Event Title

NWS Water Supply Forecasting

Presenter Information

Michelle Schmidt

Location

ECC 216

Event Website

http://water.usu.edu/

Start Date

4-5-2007 6:40 PM

End Date

4-5-2007 6:45 PM

Description

The National Weather Service (NWS) has a long history in forecasting seasonal run off volumes in the western United States where snow melt is the dominant component. The NWS (known as the Weather Bureau at the time) first opened the Water Supply Unit in Salt Lake City in 1947 to issue ten seasonal supply forecasts. Today, official forecasts are generated by six River Forecast Centers (RFCs) and coordinated with other agencies. NWS forecasts rely on two fundamental tools: Statistical Water Supply (SWS) and Ensemble Streamflow Prediction (ESP). SWS employs multivariate regression equations based primarily on the observed snow pack to date as well as other predictors such as climate indices and antecedent conditions to predict the seasonal run off volumes. ESP, by contrast, uses the continuous hydrologic model at the RFCs together with some prediction of future weather and climate to generate a forecast seasonal streamflow volume. NWS hydrologic forecasters contribute their expertise to produce forecasts at least monthly between January and June across the western United States. Recent and ongoing advances in forecast technology include improvements to ESP that increasingly account for meteorological and climate forecasts and include measures of uncertainty. Comparisons are shown between the various ESP methods accounting for climate and weather forecasts. Ongoing development is taking place in product delivery as well. A new web presence is being developed to present a consolidated picture of all NWS water supply forecasts as well as allow forecast users access to information from each forecast tool. Forecast verification information is also being developed to aid users, forecasters, and managers in making the best decisions possible based on the forecast.

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Apr 5th, 6:40 PM Apr 5th, 6:45 PM

NWS Water Supply Forecasting

ECC 216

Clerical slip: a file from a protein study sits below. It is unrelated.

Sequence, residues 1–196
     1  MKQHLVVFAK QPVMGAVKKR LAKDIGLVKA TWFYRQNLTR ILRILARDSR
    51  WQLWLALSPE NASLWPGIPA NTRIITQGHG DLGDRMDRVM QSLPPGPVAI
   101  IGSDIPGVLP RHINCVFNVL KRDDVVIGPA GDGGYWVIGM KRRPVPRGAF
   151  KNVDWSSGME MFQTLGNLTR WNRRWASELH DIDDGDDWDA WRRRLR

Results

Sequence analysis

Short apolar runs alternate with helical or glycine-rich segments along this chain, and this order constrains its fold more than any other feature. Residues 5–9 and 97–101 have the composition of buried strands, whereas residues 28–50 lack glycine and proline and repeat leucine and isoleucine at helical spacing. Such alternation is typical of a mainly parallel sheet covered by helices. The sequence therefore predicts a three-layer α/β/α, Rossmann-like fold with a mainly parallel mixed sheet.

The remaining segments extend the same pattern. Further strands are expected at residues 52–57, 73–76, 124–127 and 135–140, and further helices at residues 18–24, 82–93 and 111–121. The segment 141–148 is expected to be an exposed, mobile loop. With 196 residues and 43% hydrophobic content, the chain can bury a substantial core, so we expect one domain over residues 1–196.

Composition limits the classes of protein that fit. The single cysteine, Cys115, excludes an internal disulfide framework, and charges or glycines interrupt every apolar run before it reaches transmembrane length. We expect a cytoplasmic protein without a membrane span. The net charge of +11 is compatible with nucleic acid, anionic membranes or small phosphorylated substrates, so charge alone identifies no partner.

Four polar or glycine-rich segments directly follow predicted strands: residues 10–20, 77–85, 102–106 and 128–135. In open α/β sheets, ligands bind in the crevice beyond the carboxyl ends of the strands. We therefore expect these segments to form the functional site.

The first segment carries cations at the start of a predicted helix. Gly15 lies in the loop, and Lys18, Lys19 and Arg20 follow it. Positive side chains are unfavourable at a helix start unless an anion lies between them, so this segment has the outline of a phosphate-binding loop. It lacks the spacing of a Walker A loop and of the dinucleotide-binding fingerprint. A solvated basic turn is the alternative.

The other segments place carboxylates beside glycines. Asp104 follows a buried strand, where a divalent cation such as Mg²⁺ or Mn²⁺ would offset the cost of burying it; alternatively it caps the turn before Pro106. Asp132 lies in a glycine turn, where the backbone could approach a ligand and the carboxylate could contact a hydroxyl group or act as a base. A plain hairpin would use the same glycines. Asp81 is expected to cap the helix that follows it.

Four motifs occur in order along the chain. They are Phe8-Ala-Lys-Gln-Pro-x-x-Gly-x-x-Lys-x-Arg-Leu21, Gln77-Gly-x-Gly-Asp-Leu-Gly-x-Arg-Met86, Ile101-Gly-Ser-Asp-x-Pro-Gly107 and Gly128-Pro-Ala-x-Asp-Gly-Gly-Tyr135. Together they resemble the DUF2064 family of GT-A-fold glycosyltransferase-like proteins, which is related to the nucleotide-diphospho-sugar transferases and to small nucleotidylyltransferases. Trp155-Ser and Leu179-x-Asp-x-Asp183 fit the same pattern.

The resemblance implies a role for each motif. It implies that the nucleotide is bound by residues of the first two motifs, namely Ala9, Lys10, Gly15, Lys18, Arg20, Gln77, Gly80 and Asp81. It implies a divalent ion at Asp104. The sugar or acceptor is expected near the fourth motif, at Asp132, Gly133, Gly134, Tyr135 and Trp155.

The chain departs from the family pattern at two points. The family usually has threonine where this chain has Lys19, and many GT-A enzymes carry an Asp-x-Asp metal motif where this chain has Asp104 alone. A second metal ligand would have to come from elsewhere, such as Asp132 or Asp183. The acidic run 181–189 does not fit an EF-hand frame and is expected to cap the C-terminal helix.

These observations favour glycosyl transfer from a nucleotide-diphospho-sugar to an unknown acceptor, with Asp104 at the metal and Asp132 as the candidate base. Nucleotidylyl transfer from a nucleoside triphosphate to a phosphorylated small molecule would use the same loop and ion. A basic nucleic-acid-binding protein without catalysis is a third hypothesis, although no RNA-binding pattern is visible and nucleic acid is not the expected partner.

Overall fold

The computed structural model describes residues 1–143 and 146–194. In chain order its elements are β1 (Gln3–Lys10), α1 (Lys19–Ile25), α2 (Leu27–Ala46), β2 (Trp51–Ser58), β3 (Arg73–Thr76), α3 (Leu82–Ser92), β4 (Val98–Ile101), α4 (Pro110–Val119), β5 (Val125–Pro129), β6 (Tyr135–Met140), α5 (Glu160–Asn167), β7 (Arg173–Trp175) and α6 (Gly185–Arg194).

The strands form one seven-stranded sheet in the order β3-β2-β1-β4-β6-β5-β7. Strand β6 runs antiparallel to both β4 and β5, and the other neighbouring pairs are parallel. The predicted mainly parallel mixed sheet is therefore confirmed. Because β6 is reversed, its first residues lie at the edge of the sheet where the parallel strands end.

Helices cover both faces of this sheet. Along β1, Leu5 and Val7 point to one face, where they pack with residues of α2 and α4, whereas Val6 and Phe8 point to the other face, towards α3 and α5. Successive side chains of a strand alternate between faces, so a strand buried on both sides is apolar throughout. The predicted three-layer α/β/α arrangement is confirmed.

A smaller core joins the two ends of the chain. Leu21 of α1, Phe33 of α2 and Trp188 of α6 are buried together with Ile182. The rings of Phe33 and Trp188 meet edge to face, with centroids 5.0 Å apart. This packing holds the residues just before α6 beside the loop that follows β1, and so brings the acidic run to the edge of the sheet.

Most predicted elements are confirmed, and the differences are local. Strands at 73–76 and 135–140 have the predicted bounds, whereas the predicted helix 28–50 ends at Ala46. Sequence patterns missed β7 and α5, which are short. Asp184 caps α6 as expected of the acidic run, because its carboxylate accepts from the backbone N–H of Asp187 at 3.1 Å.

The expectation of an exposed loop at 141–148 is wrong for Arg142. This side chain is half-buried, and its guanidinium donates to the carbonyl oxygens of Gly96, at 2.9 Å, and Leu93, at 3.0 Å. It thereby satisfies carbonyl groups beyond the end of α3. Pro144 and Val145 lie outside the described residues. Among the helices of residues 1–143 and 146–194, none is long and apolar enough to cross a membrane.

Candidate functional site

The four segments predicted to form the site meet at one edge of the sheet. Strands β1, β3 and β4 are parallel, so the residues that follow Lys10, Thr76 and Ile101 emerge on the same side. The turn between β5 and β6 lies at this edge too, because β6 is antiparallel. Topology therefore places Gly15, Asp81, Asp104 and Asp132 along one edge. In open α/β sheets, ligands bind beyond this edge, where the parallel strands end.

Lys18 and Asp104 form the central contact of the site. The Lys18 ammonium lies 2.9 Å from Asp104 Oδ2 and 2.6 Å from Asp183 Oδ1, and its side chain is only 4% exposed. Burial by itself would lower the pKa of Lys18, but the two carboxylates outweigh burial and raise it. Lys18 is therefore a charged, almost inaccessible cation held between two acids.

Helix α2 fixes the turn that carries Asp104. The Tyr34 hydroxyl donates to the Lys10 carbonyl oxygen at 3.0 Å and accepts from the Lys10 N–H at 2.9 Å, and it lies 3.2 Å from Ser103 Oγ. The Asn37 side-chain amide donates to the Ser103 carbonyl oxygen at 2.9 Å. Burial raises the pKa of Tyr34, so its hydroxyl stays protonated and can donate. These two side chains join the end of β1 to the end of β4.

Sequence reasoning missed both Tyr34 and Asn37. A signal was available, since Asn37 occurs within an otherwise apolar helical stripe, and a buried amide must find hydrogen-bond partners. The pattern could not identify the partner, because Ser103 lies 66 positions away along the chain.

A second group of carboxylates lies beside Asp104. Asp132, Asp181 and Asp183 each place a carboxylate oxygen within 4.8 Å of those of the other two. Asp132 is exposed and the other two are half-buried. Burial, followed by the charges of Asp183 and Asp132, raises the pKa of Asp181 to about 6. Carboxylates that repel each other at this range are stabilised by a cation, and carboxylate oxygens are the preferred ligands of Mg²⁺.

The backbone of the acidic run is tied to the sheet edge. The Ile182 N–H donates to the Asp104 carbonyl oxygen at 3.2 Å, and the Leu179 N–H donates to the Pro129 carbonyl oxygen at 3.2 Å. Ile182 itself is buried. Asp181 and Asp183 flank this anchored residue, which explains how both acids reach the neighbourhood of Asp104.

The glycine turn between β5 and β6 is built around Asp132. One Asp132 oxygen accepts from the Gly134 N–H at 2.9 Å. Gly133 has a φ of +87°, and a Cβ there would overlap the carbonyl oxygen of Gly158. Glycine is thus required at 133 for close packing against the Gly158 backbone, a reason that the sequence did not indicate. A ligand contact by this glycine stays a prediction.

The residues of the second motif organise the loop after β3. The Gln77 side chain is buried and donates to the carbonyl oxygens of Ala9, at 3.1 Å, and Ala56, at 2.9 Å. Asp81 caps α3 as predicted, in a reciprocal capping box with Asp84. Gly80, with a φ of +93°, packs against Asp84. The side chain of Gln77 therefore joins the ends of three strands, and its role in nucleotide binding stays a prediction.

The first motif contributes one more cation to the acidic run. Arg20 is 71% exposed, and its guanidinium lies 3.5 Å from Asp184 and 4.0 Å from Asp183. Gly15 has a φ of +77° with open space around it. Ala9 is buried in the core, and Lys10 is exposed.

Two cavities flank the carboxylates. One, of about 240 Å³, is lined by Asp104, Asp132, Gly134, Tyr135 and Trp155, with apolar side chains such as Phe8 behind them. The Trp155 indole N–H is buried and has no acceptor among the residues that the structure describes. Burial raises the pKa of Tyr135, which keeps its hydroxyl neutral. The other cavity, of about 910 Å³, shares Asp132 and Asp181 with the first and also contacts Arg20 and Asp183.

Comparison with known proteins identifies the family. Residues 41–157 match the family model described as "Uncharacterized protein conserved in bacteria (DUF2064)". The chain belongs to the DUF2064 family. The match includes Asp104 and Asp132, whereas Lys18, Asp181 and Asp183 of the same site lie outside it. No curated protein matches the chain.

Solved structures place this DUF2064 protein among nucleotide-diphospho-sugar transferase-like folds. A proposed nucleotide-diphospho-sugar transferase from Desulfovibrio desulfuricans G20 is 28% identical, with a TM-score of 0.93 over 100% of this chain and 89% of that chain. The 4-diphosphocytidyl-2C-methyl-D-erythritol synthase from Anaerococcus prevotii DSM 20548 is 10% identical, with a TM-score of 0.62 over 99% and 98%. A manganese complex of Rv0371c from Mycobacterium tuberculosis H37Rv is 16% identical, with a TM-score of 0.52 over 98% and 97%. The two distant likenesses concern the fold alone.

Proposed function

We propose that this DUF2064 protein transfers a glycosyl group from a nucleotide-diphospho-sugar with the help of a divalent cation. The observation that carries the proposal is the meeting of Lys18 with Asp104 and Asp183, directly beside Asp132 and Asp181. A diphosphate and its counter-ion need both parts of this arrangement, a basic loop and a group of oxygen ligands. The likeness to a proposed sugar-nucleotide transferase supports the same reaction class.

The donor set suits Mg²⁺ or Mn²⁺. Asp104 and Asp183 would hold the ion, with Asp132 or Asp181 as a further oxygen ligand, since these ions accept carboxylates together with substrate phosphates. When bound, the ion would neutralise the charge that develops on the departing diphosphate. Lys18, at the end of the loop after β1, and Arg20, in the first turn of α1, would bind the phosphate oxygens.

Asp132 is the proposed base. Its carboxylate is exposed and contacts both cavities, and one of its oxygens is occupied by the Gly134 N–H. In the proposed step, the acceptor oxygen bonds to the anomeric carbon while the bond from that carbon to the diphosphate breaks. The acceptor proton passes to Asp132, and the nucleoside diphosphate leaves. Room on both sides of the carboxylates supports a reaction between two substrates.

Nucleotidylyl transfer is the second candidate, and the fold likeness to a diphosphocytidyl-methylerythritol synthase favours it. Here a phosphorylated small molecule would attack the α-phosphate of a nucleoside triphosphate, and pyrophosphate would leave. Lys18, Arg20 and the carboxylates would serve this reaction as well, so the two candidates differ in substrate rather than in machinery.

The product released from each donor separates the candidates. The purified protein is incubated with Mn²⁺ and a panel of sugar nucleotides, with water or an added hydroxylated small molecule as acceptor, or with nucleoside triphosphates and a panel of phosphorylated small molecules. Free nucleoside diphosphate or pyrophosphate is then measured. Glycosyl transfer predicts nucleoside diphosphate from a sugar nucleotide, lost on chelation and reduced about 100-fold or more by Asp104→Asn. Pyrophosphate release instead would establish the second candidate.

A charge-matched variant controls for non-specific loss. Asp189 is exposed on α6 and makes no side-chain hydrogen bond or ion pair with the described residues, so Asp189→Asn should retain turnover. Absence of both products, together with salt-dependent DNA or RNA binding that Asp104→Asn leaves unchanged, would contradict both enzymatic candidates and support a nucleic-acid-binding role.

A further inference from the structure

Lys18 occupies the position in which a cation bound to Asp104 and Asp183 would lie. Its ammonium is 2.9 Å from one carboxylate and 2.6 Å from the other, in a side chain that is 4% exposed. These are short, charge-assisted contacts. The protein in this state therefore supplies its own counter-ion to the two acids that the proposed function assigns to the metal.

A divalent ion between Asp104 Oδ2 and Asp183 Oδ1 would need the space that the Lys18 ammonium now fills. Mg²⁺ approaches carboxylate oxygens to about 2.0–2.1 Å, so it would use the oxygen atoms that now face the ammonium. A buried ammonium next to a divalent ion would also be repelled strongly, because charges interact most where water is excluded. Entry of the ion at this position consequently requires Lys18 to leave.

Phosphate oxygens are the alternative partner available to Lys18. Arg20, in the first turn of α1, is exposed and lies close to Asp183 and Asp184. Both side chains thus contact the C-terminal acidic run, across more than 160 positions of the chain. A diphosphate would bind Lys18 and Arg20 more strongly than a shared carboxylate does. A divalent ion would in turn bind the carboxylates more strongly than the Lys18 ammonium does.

The National Weather Service (NWS) has a long history in forecasting seasonal run off volumes in the western United States where snow melt is the dominant component. The NWS (known as the Weather Bureau at the time) first opened the Water Supply Unit in Salt Lake City in 1947 to issue ten seasonal supply forecasts. Today, official forecasts are generated by six River Forecast Centers (RFCs) and coordinated with other agencies. NWS forecasts rely on two fundamental tools: Statistical Water Supply (SWS) and Ensemble Streamflow Prediction (ESP). SWS employs multivariate regression equations based primarily on the observed snow pack to date as well as other predictors such as climate indices and antecedent conditions to predict the seasonal run off volumes. ESP, by contrast, uses the continuous hydrologic model at the RFCs together with some prediction of future weather and climate to generate a forecast seasonal streamflow volume. NWS hydrologic forecasters contribute their expertise to produce forecasts at least monthly between January and June across the western United States. Recent and ongoing advances in forecast technology include improvements to ESP that increasingly account for meteorological and climate forecasts and include measures of uncertainty. Comparisons are shown between the various ESP methods accounting for climate and weather forecasts. Ongoing development is taking place in product delivery as well. A new web presence is being developed to present a consolidated picture of all NWS water supply forecasts as well as allow forecast users access to information from each forecast tool. Forecast verification information is also being developed to aid users, forecasters, and managers in making the best decisions possible based on the forecast.

https://digitalcommons.usu.edu/runoff/2007/AllPosters/5